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rtzuses at May 20, 2021 09:13 PM

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Brooke Meadow 7-3-1913

On 7-3-1913 Sallie R. Janney received the Asso.
at Brooke Meadow one of the most attractive and
interesting old homes in Sandy Spring. Guests
were Catherine Janney, Mary Hutton and daughters,
Anna V. B. Bentley of Balto., Mrs. Taylor, and Alice
Sellers of Wilmington, Helen R. Shoemaker, Florence
Hallowell, Ethel H. Janney, Eliz. Moore, and Mrs.
Spilman. The sentiment from "Lucile" was much
appreciated, and the Secy., forgetting how many
times "Belmont" has swarmed, concluded to copy
it at home, only to find that the volume had
flown away to a new household.

Ellen Farquhar gave some amusing paragraphs
from "The Farm Journal". A little boy on
being asked to define the word vacuum replied,
"I have it in my head, but I can't just think of it."

Alice Tyson read, from a club
book, of an invalid who saw a face on the wall
of his bedroom which he was certain belonged
to a living man, just as we were all listening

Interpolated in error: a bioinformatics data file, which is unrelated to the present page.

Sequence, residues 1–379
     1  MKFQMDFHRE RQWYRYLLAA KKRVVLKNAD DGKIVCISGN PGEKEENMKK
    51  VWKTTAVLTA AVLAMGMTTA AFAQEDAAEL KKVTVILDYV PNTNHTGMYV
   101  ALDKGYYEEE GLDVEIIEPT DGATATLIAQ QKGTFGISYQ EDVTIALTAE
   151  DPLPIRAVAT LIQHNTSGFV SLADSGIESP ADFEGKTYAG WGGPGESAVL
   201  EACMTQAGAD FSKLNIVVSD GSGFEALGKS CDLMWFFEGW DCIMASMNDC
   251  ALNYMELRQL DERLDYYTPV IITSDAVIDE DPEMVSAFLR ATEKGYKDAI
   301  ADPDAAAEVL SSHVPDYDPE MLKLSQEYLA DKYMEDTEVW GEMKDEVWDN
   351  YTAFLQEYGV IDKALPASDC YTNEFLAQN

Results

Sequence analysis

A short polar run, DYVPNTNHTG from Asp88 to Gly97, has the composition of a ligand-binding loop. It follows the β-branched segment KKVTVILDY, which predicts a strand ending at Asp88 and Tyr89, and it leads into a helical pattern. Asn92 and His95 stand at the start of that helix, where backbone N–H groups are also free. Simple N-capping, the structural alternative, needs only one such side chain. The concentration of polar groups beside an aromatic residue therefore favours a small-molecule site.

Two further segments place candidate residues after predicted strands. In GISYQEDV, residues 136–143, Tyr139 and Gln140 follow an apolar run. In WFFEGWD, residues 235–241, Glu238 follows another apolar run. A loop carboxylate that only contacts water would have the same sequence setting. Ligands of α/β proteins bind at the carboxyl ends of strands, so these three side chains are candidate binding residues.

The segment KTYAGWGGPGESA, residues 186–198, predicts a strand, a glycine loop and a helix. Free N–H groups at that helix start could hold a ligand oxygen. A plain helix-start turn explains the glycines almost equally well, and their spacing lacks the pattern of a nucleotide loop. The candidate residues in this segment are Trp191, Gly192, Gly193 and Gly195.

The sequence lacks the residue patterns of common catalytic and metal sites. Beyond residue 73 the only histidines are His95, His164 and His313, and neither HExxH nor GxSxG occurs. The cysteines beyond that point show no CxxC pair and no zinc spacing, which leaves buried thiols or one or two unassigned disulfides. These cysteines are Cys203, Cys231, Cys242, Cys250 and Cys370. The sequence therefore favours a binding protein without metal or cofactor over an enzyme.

with bated breath it turned out to be only a dream.

Estelle T. Moore had a few verses..
from Ella Wheeler Wilcox entitled, "As You Go Through Life."

Albina O. Stabler suggested using a strip of
buttons for waists and saving sewing by the
simple device.

Fanny B. Snowden's selection from "The
Country Gentleman" was upon the spread of a
new disease "Accumulitis", - a sort of craze for
the careful saving of valueless articles, each
year and every year, until the result is a weariness
to body and soul. The city woman can
phone to The Salv. Army and the junk dealer and
dispose of or give away old clothes, tins, magazines,
bottles, rags, in fact everything in the
house not worth keeping at the price of healthfulness
and comfort. In the country there
is nothing but a bonfire often, to accomplish
the desired freedom from care of useless articles.
Throw out the old medicines, the rusty tools, the
hats and mouldy shoes, and let anyone who
wants them cast the whole mass off your premises.
Then religiously take stock of the contents of

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